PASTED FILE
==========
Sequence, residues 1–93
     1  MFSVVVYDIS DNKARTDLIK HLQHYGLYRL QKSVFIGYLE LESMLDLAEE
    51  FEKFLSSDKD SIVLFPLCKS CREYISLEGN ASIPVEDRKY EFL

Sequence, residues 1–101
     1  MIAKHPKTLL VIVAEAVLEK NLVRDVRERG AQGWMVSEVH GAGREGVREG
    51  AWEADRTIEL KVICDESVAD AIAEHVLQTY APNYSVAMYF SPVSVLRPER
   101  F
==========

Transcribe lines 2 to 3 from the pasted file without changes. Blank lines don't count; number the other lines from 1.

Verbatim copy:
     1  MFSVVVYDIS DNKARTDLIK HLQHYGLYRL QKSVFIGYLE LESMLDLAEE
    51  FEKFLSSDKD SIVLFPLCKS CREYISLEGN ASIPVEDRKY EFL